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Psychology & Psychiatry (clinical neuroscience) PhD Projects, Programs & Scholarships

We have 23 Psychology & Psychiatry (clinical neuroscience) PhD Projects, Programs & Scholarships

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  Respiratory control and sensation in neurological patients
  Dr S H Moosavi
Application Deadline: 31 December 2019

Funding Type

PhD Type

Oxford Brookes University. Faculty of Health and Life Sciences,. Department of Biomedical and Medical Sciences. 3 Year, full-time PhD studentship.
  PhD in addiction neuroscience: Longitudinal mapping of neuroplasticity in cannabis users using multimodal MRI
  Prof N Solowij
Applications accepted all year round

Funding Type

PhD Type

We are looking for high quality candidates for a PhD position to work with us at School of Behavioral and Health Sciences, Faculty of Health Sciences in Melbourne, Australia at the Australian Catholic University (ACU).
  Improving the lives of older adults with hearing loss: Developing a self-report measure of effortful listening to guide clinical practice
  Dr A Heinrich, Prof K Munro, Dr R Millman
Applications accepted all year round

Funding Type

PhD Type

Hearing loss is the most prevalent sensory deficit. In the UK, more than 10 million adults have a hearing loss. Because it is often associated with old age and the size of the older population is growing, it is predicted that there will be more than 14 million people with a hearing loss by 2030.
  The connectomics of Alzheimer’s risk: characterising brain temporal network dynamics in young adults at increased genetic risk for late-onset Alzheimer’s disease
  Research Group: Cognitive Neuroscience
  Dr J Zhang
Application Deadline: 25 November 2019

Funding Type

PhD Type

Using advanced imaging and novel mathematical approaches, you will identify spatio-temporal brain networks that show altered dynamics in adults with genetic risk for Alzheimer’s disease.
  Developing a questionnaire to assesses patients’ experiences of audiology services
  Prof K Munro, Prof C Armitage
Applications accepted all year round

Funding Type

PhD Type

There is growing interest in measuring patients’ experiences of clinical services. This can be used to measure quality, evaluate quality improvement initiatives and compare services.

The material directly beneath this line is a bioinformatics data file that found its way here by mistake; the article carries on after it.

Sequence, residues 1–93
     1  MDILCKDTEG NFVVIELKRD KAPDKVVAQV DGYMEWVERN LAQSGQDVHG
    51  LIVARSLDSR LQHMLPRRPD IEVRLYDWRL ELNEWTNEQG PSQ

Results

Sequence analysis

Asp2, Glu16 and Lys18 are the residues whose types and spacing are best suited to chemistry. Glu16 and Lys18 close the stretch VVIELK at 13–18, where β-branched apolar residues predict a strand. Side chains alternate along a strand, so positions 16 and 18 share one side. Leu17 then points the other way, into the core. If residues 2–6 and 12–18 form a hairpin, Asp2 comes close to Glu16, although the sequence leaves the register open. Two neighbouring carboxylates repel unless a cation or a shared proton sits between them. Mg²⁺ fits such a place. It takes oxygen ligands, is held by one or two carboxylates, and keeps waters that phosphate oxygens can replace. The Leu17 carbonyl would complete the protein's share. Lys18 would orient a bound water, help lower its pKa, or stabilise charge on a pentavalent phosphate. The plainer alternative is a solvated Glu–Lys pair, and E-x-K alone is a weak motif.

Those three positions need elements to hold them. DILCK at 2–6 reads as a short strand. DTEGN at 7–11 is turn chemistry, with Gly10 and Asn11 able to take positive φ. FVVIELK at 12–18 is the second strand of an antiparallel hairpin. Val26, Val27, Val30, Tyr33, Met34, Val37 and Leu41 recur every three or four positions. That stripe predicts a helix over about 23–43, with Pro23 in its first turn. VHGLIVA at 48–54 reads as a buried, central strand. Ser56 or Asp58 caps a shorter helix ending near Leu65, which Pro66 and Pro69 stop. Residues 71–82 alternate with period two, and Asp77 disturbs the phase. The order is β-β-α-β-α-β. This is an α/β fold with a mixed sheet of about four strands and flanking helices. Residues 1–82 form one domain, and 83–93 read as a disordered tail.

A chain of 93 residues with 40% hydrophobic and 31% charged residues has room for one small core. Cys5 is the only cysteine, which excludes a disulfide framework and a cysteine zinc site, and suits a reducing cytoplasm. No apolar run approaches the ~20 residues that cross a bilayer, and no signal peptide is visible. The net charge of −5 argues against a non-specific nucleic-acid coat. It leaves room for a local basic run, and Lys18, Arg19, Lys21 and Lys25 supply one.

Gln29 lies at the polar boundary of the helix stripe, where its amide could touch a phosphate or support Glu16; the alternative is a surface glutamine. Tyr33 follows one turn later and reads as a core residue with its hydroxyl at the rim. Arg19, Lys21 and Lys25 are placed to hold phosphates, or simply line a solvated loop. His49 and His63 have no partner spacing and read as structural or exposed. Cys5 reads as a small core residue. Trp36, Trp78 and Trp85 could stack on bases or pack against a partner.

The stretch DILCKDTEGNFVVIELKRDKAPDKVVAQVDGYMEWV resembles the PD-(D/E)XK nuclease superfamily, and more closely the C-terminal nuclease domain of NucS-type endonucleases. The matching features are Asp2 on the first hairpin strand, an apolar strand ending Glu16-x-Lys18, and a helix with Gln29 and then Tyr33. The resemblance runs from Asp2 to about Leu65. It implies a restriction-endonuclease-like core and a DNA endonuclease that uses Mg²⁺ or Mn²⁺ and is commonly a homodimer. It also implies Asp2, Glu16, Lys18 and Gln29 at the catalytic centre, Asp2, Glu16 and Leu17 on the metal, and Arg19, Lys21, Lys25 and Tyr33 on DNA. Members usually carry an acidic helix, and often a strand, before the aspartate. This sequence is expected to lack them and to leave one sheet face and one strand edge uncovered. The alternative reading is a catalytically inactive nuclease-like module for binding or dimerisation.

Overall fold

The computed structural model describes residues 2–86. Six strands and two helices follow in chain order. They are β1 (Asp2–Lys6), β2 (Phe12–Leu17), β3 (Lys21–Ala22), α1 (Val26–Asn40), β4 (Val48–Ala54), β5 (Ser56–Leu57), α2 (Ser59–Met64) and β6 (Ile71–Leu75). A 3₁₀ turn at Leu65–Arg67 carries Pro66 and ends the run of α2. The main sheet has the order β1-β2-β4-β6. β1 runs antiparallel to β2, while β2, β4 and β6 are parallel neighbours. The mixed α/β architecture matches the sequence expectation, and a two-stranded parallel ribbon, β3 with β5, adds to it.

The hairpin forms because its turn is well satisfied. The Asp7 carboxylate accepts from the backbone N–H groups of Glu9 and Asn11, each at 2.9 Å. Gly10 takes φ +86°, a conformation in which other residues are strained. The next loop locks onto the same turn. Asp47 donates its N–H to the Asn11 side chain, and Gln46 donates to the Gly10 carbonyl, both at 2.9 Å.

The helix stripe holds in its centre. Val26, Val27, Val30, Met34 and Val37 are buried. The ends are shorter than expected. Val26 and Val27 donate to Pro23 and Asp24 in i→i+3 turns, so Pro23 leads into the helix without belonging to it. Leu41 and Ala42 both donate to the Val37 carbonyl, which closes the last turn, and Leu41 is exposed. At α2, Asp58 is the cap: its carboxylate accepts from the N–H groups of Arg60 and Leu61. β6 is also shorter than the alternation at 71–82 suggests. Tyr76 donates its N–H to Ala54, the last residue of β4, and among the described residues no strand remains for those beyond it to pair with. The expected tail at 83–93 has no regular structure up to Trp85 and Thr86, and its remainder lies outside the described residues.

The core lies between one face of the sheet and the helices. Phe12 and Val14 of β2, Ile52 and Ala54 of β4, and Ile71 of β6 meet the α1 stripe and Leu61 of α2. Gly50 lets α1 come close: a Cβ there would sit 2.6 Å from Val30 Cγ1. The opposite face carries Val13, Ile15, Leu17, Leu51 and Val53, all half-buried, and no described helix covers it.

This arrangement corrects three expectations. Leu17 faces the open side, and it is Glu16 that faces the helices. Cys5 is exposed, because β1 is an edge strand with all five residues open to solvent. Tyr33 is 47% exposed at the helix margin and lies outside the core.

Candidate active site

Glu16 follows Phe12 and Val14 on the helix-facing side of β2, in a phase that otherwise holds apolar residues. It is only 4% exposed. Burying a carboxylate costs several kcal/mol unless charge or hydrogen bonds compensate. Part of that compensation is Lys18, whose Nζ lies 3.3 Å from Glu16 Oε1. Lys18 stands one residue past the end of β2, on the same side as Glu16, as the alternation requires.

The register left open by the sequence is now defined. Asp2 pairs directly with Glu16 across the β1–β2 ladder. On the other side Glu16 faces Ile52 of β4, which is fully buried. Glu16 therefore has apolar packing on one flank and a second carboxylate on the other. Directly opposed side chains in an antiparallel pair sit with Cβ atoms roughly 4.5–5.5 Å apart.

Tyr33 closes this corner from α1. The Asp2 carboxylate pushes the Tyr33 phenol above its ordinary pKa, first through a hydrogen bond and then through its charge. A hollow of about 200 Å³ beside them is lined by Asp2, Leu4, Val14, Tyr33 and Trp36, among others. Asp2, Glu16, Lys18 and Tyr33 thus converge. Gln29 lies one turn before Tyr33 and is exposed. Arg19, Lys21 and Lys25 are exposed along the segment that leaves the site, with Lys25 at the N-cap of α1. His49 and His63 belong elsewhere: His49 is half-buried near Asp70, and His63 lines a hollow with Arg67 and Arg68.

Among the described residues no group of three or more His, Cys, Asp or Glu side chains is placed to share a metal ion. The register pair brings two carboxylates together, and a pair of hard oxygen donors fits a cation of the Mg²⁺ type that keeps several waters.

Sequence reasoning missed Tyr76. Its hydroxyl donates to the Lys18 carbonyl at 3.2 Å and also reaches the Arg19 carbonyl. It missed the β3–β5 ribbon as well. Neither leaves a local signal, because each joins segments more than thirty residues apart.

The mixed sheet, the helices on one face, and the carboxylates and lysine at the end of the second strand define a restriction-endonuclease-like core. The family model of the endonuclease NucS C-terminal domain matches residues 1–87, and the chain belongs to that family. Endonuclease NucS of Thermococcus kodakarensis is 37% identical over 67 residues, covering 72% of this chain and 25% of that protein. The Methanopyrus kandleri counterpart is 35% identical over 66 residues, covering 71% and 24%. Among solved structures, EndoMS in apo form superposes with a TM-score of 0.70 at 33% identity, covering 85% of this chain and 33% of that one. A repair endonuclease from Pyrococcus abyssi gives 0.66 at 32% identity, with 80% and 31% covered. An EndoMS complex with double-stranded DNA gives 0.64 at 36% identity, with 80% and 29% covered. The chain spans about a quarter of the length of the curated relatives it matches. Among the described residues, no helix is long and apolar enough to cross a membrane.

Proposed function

Individual differences in emotion regulation
  Dr C Van Reekum
Applications accepted all year round

Funding Type

PhD Type

Individuals vary greatly in how well they can regulate their emotions, and difficulties in emotion regulation have been linked to disorders such as depression.
  Fluency and Context in Recognition Memory
  Dr J Taylor, Dr A Kafkas
Applications accepted all year round

Funding Type

PhD Type

This project relates to a sort of ‘memory illusion’. On a recognition memory test, increasing the perceptual fluency of a test cue increases the likelihood that the word will be endorsed as ‘familiar’, even if it hasn’t been seen in the study phase (and therefore should have been called ‘new’).
  The cognitive Neuroscience of Attention and Working Memory, and Causal Functional Connectivity.
  Dr E Feredoes
Applications accepted all year round

Funding Type

PhD Type

Our lab uses cutting-edge combinations of neuroimaging and analytic techniques to investigate aspects of human cognition. Specifically, we’re interested in the following.
  MRC DiMeN Doctoral Training Partnership: Investigating the in vivo targets and mechanism of action of a toxic acetylcholinesterase-derived peptide upregulated in Alzheimer’s disease
  Dr M Collins, Prof S Greenfield
Application Deadline: 6 January 2020

Funding Type

PhD Type

Alzheimer’s disease (AD) is a progressive neurodegenerative disease that is characterised by the deposition and accumulation of amyloid beta plaques and phosphorylated tau filaments in the brain, the latter correlating with the onset of symptoms.
  How our emotion affects cognition: From neuroscience, lifespan and psychendocrinological perspectives
  Dr M Sakaki
Applications accepted all year round

Funding Type

PhD Type

There is no doubt that emotion and stress affect human cognitive processing, such as memory, attention and decision making. However, the exact effects of emotion on cognition are still unclear as emotion sometimes enhances cognitive processing but sometimes impairs cognitive processing.
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